Correction to This Article
The Dec. 11 obituary of Richard Pryor incorrectly said that he was nominated for an Academy Award in 1972 for best supporting actor in "Lady Sings the Blues." It also incorrectly said that the cover of his 1975 album "Is It Something I Said?" depicts Klansmen; the album cover shows dark-robed figures.
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With Humor and Anger On Race Issues, Comic Inspired a Generation

Pryor, shown during a 1972 performance, initially drew influences from Bill Cosby, Redd Foxx and Jerry Lewis. But by the late 1960s, he had found his own voice in a series of characters lacerating conventions of the day.
Pryor, shown during a 1972 performance, initially drew influences from Bill Cosby, Redd Foxx and Jerry Lewis. But by the late 1960s, he had found his own voice in a series of characters lacerating conventions of the day. (Stax/fantasy Inc.)

Early in his career, Pryor modeled himself after comedian Bill Cosby, who in turn became an ardent admirer of his protege.

"For Richard," Cosby once told People magazine, "the line between comedy and tragedy is as fine as you can paint it."

Richard Franklin Lennox Thomas Pryor III was born Dec. 1, 1940, in Peoria, Ill. Much of his youth is murky or mired in contradictions. His parents were not married when he was born. Pryor variously claimed that his mother was a prostitute or worked as a bookkeeper in a brothel. Little is known about his father except that he was a boxer and had little to do with Pryor as a child.

He was largely raised by his grandmother, who operated a brothel. As a preteen, he was apparently molested -- the perpetrator later asked for an autograph, Pryor said -- but he found solace in amateur theatrics and in improvising jokes and skits for his classmates.

He dropped out of school at 14, took a few menial jobs and enlisted in the Army when he was 18. He participated in amateur shows in Germany and by 1960 was back in Peoria, working in small clubs and modeling his act on Cosby and, to a lesser extent, Redd Foxx and Jerry Lewis. He made his way to New York in 1963 and had his major national break in 1966, when he appeared on network television programs such as "The Kraft Summer Music Hall" and "The Ed Sullivan Show."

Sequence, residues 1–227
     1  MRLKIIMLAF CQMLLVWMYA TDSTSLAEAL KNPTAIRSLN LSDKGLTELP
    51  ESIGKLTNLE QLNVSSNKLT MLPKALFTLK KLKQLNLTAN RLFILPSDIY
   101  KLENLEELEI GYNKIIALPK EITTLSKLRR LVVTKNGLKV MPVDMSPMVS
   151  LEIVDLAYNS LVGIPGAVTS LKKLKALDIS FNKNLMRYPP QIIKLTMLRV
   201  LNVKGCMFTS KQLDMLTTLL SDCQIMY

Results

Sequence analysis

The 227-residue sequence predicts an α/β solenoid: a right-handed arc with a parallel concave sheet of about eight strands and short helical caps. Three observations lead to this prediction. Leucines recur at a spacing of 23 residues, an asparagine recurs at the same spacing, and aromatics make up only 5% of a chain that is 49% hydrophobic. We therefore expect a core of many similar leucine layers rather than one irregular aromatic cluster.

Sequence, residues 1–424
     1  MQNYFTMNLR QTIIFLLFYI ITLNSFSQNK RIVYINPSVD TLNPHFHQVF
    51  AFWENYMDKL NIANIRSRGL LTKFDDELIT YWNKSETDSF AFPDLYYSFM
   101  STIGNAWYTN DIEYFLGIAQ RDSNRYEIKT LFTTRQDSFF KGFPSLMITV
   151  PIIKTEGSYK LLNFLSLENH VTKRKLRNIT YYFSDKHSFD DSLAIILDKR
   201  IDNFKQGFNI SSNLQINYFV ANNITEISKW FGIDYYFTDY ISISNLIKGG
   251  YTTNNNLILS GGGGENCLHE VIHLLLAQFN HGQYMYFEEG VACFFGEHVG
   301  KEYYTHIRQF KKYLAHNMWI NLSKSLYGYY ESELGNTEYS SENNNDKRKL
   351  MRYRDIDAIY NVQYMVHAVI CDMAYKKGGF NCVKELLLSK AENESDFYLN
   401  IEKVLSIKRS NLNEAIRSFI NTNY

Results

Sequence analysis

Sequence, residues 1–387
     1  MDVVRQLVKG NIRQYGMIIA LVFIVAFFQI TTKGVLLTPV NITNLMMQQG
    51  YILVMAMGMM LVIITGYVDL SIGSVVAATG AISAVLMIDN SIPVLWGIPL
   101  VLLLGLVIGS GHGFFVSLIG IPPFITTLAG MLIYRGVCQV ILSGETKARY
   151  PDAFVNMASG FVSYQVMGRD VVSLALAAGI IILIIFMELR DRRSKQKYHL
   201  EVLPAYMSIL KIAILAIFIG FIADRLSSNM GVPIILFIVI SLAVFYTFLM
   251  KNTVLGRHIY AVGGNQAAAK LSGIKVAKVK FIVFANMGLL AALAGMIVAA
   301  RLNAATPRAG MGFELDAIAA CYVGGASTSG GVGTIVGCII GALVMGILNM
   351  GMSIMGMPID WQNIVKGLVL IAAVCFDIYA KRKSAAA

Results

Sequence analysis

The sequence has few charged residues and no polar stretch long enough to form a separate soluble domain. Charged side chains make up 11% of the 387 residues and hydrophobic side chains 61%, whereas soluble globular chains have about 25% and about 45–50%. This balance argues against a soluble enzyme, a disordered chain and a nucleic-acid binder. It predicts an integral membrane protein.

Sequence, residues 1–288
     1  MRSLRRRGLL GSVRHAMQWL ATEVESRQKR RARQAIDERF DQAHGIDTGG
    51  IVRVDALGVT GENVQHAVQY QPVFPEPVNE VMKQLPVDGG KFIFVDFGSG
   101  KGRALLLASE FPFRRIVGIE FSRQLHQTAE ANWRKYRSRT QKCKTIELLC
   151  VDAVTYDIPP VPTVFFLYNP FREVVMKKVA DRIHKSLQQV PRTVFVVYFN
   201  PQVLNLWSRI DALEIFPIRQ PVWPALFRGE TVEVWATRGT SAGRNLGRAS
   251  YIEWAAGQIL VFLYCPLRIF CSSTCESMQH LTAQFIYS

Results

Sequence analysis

Pryor wrote for "The Flip Wilson Show" in the 1960s while polishing his stand-up act and pushing his humor toward the outer reaches of acceptable taste.

"Back between '65 and '68, I had a metamorphosis," he told The Washington Post in 1978. "I found out who I wanted to be. And who I wanted to be was the same guy who used to rap on the street corner back on North Washington Boulevard in Peoria."

In his 1995 memoir, "Pryor Convictions and Other Life Sentences," he wrote: "There was a world of junkies and winos, pool hustlers and prostitutes, women and a family screaming inside my head, trying to be heard."

He invented a series of exaggerated characters, often brought to life with goggle-eyed mugging and obscenities, including the n-word.

"I decided to take the sting out of it," he told The Post. "As if saying it over and over again would numb me and everybody else to its wretchedness."

Chastened by a trip to Africa in 1979, he vowed never to use the word in his act again.

In addition to his stand-up comedy, Pryor became a prolific actor, appearing in more than 30 feature films between 1968 and 1997. He was nominated for an Academy Award in 1972 for his dramatic role as a musician in "Lady Sings the Blues."


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